The regular season came a close last week for Kodiak High School’s basketball teams. Both the boys and girls are at Colony High School this weekend for the Northern Lights Conference tournament, where they hope to earn tickets to the state championship later this month.
This season the players were able to practice and compete in a recently renovated gym at the high school. Amy Fogle coaches the Lady Bears and said she was pleased with the changes to the gym, which included new flooring and bleachers.
“I think all the improvements we’ve made have been great. I think the floor is really, really nice. I do like the bleachers; it’s nice to have the rails for the older population and getting up and out of the stands. It kind of feels like you’re on top of the crowd, sitting up high. It’s pretty high up there. Anything new and clean is always exciting.”
David Anderson coaches the boys team and had similar thoughts about the improvements.
“Well as much as we get to practice in it, it’s great. Playing in it, the kids love it. It’s a new floor, gives them a little new bounce in there and I think the capacity it holds in there is just awesome. I think it gives a different perspective with the bleachers up as high as they are. You’re looking down on the players instead of looking at them. And you can kind of see what’s going on the floor out there. So I think they did a great job.”
Up on the mainland, both teams have a first round bye in the region tournament and will begin game play Friday afternoon.
It’s so far so good for the Kodiak High School renovation project. At least that’s the word from the construction manager Bruce Walter of Wilson Engineering. Walter provided an update to the borough assembly during its work session on Thursday, and said the project is about 30 percent complete.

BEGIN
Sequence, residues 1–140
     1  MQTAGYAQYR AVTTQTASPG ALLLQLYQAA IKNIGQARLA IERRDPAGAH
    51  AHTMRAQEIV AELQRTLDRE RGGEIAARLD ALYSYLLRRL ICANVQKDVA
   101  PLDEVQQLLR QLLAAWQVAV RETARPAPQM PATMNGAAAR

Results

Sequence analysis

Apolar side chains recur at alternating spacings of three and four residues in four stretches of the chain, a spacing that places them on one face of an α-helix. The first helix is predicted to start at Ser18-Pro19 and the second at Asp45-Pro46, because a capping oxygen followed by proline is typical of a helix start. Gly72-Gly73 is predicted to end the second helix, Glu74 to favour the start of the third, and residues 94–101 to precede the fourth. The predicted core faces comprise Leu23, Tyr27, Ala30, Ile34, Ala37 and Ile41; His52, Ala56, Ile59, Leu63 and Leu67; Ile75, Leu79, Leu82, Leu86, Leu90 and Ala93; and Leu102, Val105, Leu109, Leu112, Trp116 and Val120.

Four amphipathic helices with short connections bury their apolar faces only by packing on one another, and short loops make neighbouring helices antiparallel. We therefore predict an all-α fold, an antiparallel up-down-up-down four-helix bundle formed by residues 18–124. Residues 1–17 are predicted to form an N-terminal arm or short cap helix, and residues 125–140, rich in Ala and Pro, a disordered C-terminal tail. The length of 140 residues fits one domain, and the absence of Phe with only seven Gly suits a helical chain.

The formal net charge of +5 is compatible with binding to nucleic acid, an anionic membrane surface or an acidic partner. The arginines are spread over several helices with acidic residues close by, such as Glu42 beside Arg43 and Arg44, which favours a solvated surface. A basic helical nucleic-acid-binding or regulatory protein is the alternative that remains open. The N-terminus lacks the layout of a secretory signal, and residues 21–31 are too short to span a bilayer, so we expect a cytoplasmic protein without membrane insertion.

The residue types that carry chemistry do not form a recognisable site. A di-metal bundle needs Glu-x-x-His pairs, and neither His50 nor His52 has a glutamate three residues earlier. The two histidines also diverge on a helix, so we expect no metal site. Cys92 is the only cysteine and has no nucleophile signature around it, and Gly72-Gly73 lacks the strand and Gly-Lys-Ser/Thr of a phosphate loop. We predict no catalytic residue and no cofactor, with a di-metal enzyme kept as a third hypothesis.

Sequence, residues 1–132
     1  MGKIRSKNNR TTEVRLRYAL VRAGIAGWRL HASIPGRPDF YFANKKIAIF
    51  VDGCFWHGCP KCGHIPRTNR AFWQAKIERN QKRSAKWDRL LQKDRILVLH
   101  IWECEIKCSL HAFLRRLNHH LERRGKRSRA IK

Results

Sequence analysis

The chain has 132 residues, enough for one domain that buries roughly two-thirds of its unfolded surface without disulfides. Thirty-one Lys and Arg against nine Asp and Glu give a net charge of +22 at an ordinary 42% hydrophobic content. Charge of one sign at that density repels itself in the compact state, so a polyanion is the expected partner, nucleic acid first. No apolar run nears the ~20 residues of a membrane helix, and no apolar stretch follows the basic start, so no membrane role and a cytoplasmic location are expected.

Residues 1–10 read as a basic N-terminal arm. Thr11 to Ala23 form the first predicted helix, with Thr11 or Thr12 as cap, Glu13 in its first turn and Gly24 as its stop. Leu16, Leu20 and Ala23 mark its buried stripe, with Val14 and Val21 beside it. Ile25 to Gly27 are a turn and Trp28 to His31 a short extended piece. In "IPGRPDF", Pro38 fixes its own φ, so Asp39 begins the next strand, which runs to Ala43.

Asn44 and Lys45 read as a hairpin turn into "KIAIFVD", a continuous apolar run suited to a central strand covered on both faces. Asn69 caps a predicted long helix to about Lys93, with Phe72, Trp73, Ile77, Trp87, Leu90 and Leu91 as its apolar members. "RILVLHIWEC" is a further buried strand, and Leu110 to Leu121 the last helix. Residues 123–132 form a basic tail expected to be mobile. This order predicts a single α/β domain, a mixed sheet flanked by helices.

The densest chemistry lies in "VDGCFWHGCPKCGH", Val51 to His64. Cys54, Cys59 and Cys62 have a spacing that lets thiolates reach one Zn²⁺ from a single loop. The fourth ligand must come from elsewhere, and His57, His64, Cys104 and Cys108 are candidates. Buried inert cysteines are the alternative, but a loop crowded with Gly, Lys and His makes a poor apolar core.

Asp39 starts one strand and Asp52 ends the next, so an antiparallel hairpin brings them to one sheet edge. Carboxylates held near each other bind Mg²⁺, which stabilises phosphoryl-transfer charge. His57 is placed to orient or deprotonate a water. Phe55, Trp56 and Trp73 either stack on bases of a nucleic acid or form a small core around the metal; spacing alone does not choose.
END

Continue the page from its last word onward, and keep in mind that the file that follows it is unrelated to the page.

“We’ve contractually been into the contract 10 months and construction nine months, which puts us at 30 percent of a 32 month project. Completion for the project is still scheduled for November 2015 and to date we’ve issued no change orders extending that deadline.”
In terms of finances, Walter said they are doing fairly well with the $62 million construction budget, and have only tapped into a small amount of the project’s $2.5 million contingency budget.
“To date we have awarded $152,000 in change orders, which represents .24 of the contract sum or 5.8 percent of our construction contingency. So contrary to what’s going around out there on the street, I think our budget and our contingency are doing quite well.” Walter said there are nine phases of the project, and five of those phases are currently underway. He said there have been a few hiccups along the way, including moisture issues with the basement locker room and the discovery that the entire gym floor had to be replaced, both of which prolonged completion dates. The gym has since been finished and use of the downstairs locker room was turned over to the high school today. Continue reading
Kodiak College will see some changes in 2014. Long-time Director Barbara Bolson made the decision to retire this year and move closer to family in Washington.
Bolson leaves the college after more than 27 years in education, eight of those working here in Kodiak. When Bolson first moved to the island it was originally to take a job as an administrator at Kodiak High School, but after one year moved over to the college where she has served as director for seven years.
“I originally came to Kodiak for just a one year contract. But as many of us do, fell in love with the place, and one year led to another and this will be, I’m just finishing up my eighth year. So I stayed here a little bit longer than intended, but I have had a wonderful, wonderful experience. But it is time to get a little bit closer to family. I’m having a grand baby in May that I’m real excited about and so I want to be a part of that grand baby’s life. I had a real close relationship with my grandmother and she really had a huge impact on my life and I want to be that kind of grandmother to my grandchildren too.”
During Bolson’s time with the college, she and the staff helped the educational institution expand in many ways, including tripling the student enrollment and almost doubling the faculty. Continue reading